What Happened After The Crime: Reservoir Crocs
A writing group I’m part of recently set a 750-word writing prompt: “What happened after the crime.” This was put forwards by Catriona Ward, the author of ‘Raw Blood’, who sat with the group for an interview a couple of weeks ago.
Here’s my take on the prompt. No attempt at originality. Or quality. Or style. Just read the damn thing. Or don’t, I’m not your boss.
The van listed from side to side as it careened around corners and through junctions. The midnight roads were empty, but the van was full of five masked men and one crocodile, savagely thrashing in protest at its rope restraints. One of the men lay on the floor next to it, clutching his arm to his chest, blood soaking his black turtleneck as he cried out in pain.
Another man was knelt over him, desperately trying to staunch the bleeding with a rag. He looked up at the masked occupant of the front passenger seat. “I thought you said you had put it to sleep, Derek,” he said, trying hard to be heard over the roar of the engine, the racket of the writhing crocodile and the screams of the wounded thief.
Derek looked back. “I did put it to sleep, Hank, I put a dart into its big fat yellow belly. You idiots were responsible for extraction. You must’ve woken it up. Or something. Damn thing’s enormous, probably needed a bigger dose.”
The driver swore and the van swerved to avoid a lorry; the wounded man cried out again. Hank examined the wound. “Looks pretty clean Fred, if we still had the hand you could probably get it reattached.”
With a whimper the prone, blood-covered Fred lifted his head. “What…? What do you mean, ‘IF?’ What happened to my hand?”
Hank shrugged. “It’s probably still with the other crocodiles. We were in a hurry, we didn’t really have time to go back for it, fella.”
Fred wailed. “My hand! You left my hand behind!”
“Funnily enough,” Hank said, “it was your left hand and all.”
Fred wailed again. Derek rolled his eyes. “Calm down. We’ll just have to hire someone to open jars for you. Besides, you’ll still be able to read the newspaper.” He thought for a moment. “As long as you’ve got a flat surface to lean it on.”
The fifth member of the team, Jerrod, was yet to say a word. He was on his knees behind the crocodile, a coil of rope in his hands, nervously eyeing the restless beast.
The driver swore again as he barely missed a taxi. Derek thumped him in the shoulder. “Watch it, Ryan, you arsehole. We want to get to the airfield in one -” He looked back at Fred. “We want to get there alive.”
Ryan switched gears on the run-up to a bend. “Would you like to drive, or are you happy to sit there and keep patronising me? Do you have any tips on driving a van with six-hundred kilos of angry yellow-bellied crocodile in the back?”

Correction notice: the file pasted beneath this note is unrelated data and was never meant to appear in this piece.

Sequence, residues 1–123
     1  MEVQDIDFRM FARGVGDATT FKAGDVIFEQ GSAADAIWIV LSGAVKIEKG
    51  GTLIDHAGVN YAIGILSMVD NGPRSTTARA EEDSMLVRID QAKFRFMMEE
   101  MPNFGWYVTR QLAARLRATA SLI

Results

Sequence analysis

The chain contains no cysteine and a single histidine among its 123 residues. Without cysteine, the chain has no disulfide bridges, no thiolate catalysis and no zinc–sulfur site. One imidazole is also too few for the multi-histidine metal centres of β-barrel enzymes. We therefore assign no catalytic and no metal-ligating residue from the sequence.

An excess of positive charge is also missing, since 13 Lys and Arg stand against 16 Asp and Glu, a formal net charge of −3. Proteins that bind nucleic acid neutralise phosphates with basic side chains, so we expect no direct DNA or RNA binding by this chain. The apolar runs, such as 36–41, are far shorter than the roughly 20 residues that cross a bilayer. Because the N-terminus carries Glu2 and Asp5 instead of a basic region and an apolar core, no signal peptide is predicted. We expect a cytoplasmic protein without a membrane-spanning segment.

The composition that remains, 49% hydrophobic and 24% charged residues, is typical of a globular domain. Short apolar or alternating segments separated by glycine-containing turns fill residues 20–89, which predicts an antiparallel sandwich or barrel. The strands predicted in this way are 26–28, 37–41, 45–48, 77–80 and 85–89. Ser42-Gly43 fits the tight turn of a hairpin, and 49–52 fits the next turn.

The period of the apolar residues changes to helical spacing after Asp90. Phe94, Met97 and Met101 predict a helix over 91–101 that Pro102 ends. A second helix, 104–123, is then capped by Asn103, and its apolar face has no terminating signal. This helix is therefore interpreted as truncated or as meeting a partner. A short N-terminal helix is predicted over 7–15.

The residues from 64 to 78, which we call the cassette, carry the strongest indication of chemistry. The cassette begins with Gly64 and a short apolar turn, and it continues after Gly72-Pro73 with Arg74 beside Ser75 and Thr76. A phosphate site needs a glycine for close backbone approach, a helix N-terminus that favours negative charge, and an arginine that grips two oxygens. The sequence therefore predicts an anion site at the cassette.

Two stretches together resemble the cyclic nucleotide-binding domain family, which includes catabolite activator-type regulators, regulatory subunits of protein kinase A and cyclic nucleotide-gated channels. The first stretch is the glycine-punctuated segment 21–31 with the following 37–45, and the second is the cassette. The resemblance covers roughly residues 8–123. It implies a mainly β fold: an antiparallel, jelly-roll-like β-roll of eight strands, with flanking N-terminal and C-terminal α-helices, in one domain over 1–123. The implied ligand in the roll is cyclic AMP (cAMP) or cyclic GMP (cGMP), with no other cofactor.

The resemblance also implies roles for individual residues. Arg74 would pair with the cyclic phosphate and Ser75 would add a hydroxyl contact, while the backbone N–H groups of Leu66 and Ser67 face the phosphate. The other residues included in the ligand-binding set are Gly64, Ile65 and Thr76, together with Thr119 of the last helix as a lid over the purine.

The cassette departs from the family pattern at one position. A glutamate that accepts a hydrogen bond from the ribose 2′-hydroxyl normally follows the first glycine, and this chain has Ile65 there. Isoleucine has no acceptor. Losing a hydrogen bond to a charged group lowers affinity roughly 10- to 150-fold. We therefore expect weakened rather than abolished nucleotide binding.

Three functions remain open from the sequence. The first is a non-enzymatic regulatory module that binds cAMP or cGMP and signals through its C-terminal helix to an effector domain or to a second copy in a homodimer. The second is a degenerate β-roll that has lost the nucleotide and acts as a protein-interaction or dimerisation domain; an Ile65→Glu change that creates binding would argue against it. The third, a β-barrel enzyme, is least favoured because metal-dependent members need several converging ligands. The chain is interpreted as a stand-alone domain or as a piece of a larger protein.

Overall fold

Derek’s eyes narrowed. “Yes, actually, here’s a tip: Do It Better.”
Ryan purposefully swerved the van, sending Hank flying into the side wall. The crocodile rolled over onto its back, thumping down next to Fred who wriggled away from it frantically.
Jerrod, in the back of the van, stared at the sprawling croc and raised his hand. Fred watched him enviously. “Ah, Derek? I, ah, have a question,” Jerrod said.
Derek rolled his eyes again. “I swear to God, Jerrod, if you ask one more time why we didn’t use a helicopter I’m going to feed you balls-first into that bloody lizard.”
Jerrod shook his head. “It’s not about the helicopter.”
“Oh, thank goodness,” Derek said, with genuine relief.
A few moments passed with Jerrod’s hand still in the air. Hank, Fred and Derek all glared at him. Hank snapped first. “Well, what was the question, idiot? If it wasn’t about helicopters, what the hell do you want to know?”
Jerrod might have found that hurtful, but it was difficult to tell beneath the mask. He lowered his hand. “All I wanted to ask was, did you say it was called a yellow-bellied crocodile?”
Derek turned in his seat. “Of course I bloody did, that was – that was the whole damn point of this all! You were in the bloody briefings! This breed goes for two million to the right collector, that’s why we’re stealing this one in particular, you moron. This is the only yellow-bellied snapper in the Western bloody hemisphere, and we only had tonight to get the damn thing before it gets sent off for breeding. Why would you even ask that? Why now, of all times, are you suddenly checking what the name of the bloody thing -”
He looked down at the monster, rocking on its back, its legs uselessly thrashing the air.
“Oh,” he said, “shit.”